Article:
During the past two years, the Latino population at San Diego High downtown has grown by more than 100 students annually, boosting Latino enrollment from 43% to 56% of the school's total, with almost all of the gain a result of Mexican and Central American immigration.
More important for an already squeezed bilingual program, an increasing percentage of students are arriving at age 16 or older, often a month or more after the school semester begins, with few or no school records or transferable credits from their home country, and many barely literate in their native Spanish, let alone knowing nothing of English.
For these students--the majority of whom are here because of amnesty--the simultaneous demands of learning English, acclimating to American schools, and tackling 20 courses from algebra to biology, all in order to graduate after three years, prove increasingly unrealistic.
Dropout rates average more than 50%, with students leaving to find work full-time, to take care of younger siblings in very large families, or to return to Mexico--with discouragement over schooling a common denominator behind almost all of these decisions.
With the numbers also impacting other schools--Hoover High in mid-city and schools in the South Bay central are among them--administrators are grappling for innovative ways to try and keep more of these immigrants in the educational pipeline.
In the South Bay, the Sweetwater school district has set up a pilot "Newcomer's Center" where newly arrived teen-agers can get a semester's customized dose of intensive English, basic U.S. cultural and historical orientation, computer and study skills, and personal counseling--all before being turned loose into a regular high school bilingual program.
Educators from San Diego city schools hope this spring to propose course work for some immigrant students different from the required core curriculum which leads to graduation, around which the content of existing bilingual courses has been bent to try and meet.
In its larger context, the issue is forcing bilingual education to address academic preparation as well as language training at the junior- and senior-high level, since immigrant teen-agers are coming with a tremendous range of educational backgrounds.
Not all the immigrant students show up with little previous schooling. At Hoover High, for example, the number of Latino students has jumped from 20% to nearly 30% in two years, and many of the urbanized immigrants have good academic backgrounds. But they complain that they end up in low-level math and science because there are no higher-level academic courses to take while they are still learning English.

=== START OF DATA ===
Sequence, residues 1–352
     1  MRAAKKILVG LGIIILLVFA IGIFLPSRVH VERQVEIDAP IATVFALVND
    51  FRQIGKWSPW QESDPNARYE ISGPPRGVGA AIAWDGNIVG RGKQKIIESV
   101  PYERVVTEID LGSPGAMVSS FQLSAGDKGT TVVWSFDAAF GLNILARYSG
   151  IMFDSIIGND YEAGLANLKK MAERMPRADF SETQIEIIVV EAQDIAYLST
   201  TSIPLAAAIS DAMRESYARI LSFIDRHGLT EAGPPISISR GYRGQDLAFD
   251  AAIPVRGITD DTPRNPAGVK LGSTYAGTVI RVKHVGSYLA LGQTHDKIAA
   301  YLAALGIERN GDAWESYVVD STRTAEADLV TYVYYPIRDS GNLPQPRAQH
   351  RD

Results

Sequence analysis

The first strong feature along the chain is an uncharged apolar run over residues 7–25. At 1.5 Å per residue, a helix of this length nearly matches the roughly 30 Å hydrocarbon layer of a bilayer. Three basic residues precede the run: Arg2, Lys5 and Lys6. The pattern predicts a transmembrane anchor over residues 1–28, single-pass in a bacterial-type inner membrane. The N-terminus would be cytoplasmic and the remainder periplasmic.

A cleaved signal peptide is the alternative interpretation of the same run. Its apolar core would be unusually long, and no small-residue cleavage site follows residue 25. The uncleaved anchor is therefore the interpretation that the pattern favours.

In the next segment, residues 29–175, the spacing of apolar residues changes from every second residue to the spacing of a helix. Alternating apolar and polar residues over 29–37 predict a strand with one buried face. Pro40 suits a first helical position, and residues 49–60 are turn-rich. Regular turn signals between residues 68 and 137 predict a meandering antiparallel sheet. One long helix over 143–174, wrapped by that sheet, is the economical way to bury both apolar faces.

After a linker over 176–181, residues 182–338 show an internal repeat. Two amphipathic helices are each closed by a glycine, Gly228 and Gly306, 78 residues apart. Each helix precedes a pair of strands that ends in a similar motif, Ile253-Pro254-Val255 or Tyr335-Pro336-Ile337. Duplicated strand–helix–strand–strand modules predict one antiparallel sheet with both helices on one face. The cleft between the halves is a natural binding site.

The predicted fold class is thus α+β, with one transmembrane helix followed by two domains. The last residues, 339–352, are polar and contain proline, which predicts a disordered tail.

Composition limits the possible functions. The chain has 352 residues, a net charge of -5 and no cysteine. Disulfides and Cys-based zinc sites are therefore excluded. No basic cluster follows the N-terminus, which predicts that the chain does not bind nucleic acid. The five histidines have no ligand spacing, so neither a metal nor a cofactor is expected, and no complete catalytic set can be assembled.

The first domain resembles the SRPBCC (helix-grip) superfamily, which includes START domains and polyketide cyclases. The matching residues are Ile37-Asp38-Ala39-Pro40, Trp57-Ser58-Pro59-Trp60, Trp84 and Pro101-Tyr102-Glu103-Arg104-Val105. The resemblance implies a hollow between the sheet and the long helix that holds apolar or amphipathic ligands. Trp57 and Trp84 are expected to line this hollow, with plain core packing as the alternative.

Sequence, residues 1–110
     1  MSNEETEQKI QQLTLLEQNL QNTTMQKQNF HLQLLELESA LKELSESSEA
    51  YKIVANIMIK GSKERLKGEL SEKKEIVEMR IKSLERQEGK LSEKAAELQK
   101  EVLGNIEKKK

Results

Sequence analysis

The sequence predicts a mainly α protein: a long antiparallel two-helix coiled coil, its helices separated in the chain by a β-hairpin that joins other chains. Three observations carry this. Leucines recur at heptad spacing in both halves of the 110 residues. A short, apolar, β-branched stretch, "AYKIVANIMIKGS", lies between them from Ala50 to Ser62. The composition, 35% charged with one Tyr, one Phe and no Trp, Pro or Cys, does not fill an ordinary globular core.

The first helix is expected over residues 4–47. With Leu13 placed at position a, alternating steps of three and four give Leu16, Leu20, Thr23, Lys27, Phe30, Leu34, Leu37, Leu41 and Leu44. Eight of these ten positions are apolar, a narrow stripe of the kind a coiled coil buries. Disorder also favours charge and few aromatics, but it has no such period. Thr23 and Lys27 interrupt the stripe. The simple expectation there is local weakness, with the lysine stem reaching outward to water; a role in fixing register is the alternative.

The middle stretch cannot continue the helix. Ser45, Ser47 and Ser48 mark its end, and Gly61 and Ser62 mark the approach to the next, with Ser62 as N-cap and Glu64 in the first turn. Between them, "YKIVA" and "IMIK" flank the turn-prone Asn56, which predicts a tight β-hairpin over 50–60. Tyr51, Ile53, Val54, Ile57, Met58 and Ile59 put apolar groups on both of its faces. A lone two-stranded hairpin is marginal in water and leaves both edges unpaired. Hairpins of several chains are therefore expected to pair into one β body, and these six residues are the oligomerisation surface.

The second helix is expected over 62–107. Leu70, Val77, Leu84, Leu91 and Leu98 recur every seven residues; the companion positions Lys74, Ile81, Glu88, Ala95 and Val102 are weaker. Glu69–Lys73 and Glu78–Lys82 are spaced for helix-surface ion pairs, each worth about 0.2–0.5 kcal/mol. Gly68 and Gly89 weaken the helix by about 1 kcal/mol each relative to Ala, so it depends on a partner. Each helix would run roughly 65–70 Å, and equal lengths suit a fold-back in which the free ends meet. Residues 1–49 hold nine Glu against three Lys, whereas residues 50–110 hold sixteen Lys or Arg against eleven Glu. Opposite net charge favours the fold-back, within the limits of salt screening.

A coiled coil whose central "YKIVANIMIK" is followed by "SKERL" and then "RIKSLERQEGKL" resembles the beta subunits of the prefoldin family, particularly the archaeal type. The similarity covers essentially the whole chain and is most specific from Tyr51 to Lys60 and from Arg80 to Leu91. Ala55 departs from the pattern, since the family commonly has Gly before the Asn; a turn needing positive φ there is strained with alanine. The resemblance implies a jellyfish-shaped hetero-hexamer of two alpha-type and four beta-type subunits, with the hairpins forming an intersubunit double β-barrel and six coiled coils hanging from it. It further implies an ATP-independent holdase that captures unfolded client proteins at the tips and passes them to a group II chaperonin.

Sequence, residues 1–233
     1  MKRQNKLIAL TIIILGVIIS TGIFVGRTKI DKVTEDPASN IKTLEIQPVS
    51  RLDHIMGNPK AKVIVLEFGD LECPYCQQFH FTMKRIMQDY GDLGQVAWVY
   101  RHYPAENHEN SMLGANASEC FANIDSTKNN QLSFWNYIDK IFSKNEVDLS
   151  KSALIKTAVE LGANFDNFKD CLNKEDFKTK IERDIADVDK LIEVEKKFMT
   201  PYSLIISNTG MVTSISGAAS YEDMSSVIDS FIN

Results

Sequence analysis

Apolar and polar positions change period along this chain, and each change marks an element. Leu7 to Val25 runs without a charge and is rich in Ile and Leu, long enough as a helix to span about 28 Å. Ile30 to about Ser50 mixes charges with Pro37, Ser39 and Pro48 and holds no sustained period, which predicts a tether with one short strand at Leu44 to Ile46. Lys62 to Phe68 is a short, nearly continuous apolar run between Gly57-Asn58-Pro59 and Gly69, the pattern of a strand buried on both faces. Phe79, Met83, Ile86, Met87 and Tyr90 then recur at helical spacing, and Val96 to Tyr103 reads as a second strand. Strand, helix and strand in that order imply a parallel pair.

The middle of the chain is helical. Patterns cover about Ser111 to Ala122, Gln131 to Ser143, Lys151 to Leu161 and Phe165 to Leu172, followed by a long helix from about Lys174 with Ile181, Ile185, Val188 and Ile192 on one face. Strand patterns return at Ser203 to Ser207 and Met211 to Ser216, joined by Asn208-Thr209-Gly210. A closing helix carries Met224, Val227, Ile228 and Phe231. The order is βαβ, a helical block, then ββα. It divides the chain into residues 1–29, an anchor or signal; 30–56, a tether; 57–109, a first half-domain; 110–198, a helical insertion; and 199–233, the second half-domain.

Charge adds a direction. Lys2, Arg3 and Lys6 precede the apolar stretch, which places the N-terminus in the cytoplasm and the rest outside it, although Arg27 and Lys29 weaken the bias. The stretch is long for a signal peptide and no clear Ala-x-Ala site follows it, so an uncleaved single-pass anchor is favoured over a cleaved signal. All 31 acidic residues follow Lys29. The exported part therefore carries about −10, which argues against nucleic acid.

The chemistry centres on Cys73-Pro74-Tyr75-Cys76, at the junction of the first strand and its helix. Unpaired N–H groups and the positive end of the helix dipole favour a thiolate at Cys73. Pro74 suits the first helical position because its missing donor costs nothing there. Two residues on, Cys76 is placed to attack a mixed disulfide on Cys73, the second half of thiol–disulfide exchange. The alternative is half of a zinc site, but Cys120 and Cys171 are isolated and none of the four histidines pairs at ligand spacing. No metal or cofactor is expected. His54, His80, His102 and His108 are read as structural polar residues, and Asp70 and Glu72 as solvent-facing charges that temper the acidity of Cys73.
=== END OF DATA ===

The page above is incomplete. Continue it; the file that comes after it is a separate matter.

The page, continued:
These students want more challenging bilingual courses and about 60 have organized the club Hispano Americano at Hoover to provide tutoring for each other, lobby for more academic recognition and gain better social acceptance at the school.
But for area educators, the most pressing problem for now centers on those with poor schooling.
"We want to try something for a kid who comes to our school, not literate in Spanish, not speaking any English, with only three or four years of schooling in their whole life and already 16," Cathy Hopper, assistant superintendent for the San Diego Unified School District, said. "It's unrealistic to think we're going to get them to graduation before they drop out."
Among several scenarios being explored by a special district committee which Hopper chairs are: intensive beginning reading instruction in both English and Spanish; survival skills for coping in American society; academic and/or vocational instruction in conjunction with the continuing education program at San Diego community colleges.
"They're all options," schools Supt. Tom Payzant said, who will bring a proposal from the committee to school trustees sometime in the spring. "We've got to start with a whole different set of assumptions about what we can do in one, or two or three years, for these students. Do we just try intensive language study and not do a broad curriculum at the outset?"
At San Diego High, in the heart of the city's urban core where many immigrant families can afford rent, 87 of the 116 students enrolled this year for ESL 1 (the first-level English-as-a-second-language course) are 16 years or older, 68 brought no credits from other schools usable toward graduation, 84 had no school records at all, and only 31 were literate--able to read and write--in Spanish.
The school runs four two-hour blocks of ESL 1, ESL 2 and ESL 3, and tries to place as many students as possible into bilingual classes in math, biology, physics, world history and U.S. history. The number of such students is more than 300, about 20% of the school's 1,460 total. A substantial number of the school's remaining 500 Latino students have only recently transitioned out of ESL classes and are still struggling with some aspects of academic English.